43. 43.
    CURRO, P., MICALI, G., LANUZZA, F. 1987. Determination of β-asarone, safrole, isosafrole and anethole in alcoholic drinks by high-performance liquid chromatography. J. Chromatogr. 404: 273–278.PubMedCrossRefGoogle Scholar
  44. 44.
    LEE, H.S., NAGY, S. 1987. HPLC of 2,5-dimethyl-4-hydroxy-3(2H)-furanone in pineapple and grapefruit juices. J. Food Sci. 52: 163–165.CrossRefGoogle Scholar
  45. 45.
    PIRKLE, W.H., Sowin, T.J. 1987. Synthesis and separation of dia-stereomeric imino alcohol derivatives of chiral phthalides: A method for assignment of phthalide absolute configurations. J. Org. Chem. 52:3011–3017.CrossRefGoogle Scholar
  46. 46.
    UHLIG, J.W., CHANG, A., JEN, J.J. 1987. Effects of phtalides on celery flavor. J. Food Sci 52: 658–660.CrossRefGoogle Scholar
  47. 47.
    CLARK, B.C., CHAMBLEE, T.S., IACOBUCCI, G.A. 1987. HPLC isolation of the sesquiterpene hydrocarbon germacrene B from lime peel oil and its characterization as an important flavor impact constituent. J. Agric. Food Chem. 35: 514–518.CrossRefGoogle Scholar
  48. 48.
    BITTEUR, S., ROSSET, R. 1987. Comparison of octadecyl-bonded silica and styrene-divinylbenzene copolymer sorbents for trace enrichment purposes. Fundamental aspects I. Calibration of the stationary phases in pure water. J. Chromatogr. 394: 279–293.CrossRefGoogle Scholar
  49. 49.
    BITTEUR, S., ROSSET, R. 1987. Comparison of octadecyl-bonded silica and styrene-divinylbenzene copolymer sorbents for trace enrichment purposes. Fundamental aspects II. Linear chromatographic behaviour of the extracting supports. Chromatographia 23: 163–168.CrossRefGoogle Scholar
  50. 50.
    BITTEUR, S., ROSSET, R. 1988. Use of an octadecyl-bonded silica and a styrene-divinylbenzene copolymer for the recovery of blackcurrant aroma compounds from a food plant waste water. J. Food Sci. 53: 141–147.CrossRefGoogle Scholar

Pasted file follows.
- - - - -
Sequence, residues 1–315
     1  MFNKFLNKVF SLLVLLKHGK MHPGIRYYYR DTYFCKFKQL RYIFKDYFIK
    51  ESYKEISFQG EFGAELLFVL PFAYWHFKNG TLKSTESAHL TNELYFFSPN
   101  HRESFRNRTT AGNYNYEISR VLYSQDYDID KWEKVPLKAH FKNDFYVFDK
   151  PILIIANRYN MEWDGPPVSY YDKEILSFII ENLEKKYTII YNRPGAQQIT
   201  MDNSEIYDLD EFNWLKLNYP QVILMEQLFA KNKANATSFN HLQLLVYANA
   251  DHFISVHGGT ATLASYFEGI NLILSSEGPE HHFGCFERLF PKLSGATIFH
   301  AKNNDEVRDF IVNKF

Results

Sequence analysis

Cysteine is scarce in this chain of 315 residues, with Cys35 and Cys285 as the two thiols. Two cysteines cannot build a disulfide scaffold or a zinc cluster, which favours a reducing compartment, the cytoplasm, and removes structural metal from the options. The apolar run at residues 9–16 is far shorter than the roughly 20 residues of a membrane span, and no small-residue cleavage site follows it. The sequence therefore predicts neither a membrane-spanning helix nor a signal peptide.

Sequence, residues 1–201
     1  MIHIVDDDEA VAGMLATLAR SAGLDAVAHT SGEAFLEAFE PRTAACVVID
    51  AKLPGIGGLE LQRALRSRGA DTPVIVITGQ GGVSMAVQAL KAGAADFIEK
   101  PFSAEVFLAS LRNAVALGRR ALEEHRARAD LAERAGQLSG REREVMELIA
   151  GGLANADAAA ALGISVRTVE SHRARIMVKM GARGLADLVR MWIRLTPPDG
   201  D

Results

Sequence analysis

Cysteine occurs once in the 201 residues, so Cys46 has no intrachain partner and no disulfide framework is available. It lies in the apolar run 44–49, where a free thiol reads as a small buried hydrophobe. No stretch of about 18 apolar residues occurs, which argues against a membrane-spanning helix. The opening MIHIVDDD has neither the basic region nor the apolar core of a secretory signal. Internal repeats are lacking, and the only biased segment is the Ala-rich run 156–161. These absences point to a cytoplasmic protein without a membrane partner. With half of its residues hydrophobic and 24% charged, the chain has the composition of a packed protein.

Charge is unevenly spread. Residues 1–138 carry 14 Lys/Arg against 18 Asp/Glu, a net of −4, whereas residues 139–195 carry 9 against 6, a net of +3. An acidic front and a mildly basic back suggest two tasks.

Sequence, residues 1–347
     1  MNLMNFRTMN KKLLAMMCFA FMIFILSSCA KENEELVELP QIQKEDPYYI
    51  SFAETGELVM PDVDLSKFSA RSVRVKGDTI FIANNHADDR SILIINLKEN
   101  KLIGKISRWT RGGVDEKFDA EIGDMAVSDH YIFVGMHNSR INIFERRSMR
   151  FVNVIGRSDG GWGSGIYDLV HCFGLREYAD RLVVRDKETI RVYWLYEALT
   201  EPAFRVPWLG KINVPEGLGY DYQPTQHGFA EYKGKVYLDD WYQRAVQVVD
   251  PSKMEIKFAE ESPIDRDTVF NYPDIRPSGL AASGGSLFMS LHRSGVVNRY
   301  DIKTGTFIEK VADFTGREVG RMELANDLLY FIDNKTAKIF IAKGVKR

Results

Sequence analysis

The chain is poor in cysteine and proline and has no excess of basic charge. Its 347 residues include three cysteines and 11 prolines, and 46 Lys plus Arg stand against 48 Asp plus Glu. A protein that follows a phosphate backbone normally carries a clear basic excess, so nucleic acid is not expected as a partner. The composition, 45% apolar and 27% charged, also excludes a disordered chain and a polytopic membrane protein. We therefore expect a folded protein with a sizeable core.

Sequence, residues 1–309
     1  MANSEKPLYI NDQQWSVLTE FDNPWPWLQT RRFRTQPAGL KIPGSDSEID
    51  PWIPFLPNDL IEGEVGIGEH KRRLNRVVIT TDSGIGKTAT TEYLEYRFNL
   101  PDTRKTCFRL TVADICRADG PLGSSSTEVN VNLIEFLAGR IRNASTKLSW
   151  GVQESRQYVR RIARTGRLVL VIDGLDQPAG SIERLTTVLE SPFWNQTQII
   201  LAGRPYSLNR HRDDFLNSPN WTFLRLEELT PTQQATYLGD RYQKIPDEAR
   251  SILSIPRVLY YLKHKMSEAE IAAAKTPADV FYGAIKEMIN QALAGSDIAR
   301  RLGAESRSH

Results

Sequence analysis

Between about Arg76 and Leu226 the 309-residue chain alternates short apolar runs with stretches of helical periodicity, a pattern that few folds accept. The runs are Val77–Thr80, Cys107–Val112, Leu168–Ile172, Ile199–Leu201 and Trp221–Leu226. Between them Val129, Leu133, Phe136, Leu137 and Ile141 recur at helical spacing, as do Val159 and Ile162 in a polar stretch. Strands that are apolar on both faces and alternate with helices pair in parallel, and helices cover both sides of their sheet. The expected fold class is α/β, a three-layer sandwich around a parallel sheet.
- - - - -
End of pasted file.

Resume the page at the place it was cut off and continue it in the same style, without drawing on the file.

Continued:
51. 51.
    ARCHER, A.W. 1988. Determination of safrole and myristicin in nutmeg and mace by high-performance liquid chromatography. J. Chromatogr. 438: 117–121.PubMedCrossRefGoogle Scholar
  52. 52.
    MCELDOWNEY, A.M., MENARY, R.C. 1988. Analysis of Pyrethrins in Pyrethrum extracts by high-performance liquid chromatography. J. Chromatogr. 447: 239–243.Google Scholar
  53. 53.
    KOIZUMI, H., SUZUKI, Y. 1988. High-performance liquid chroma tography of aliphatic aldehydes by means of post-column extraction with fluorometric detection. J. Chromatogr. 457: 299–307.CrossRefGoogle Scholar
  54. 54.
    TAKEUCHI, T., ISHII, D., NAKANISHI, A. 1988. Analysis of aldehydes by micro high-performance liquid chromatography with post-column derivatization on enzyme-immobilized glass beads. Chromatographia 25: 507–510.CrossRefGoogle Scholar
  55. 55.
    PEKIC, B., SLAVICA, B., LEPOJEVIC, Z. 1988. Determination and preparative isolation of chamazulene from essential oil of chamomile. Arh. Farm. 38: 177–182. (CA 110:2191669)Google Scholar
  56. 56.
    HOWELLS, J.S., JOHNSTON, D., 1988. An HPLC method employing diode-array detection for the identification of natural plant extracts tolu syrup and wild cherry syrup in a herbal cough remedy. Anal. Proc. (London) 25: 163–164.Google Scholar
  57. 57.
    YU, T.H., WU, G.M. 1989. Effects of pH on the formation of flavour compounds of disrupted garlic. J. Chromatogr. 462: 137–145.CrossRefGoogle Scholar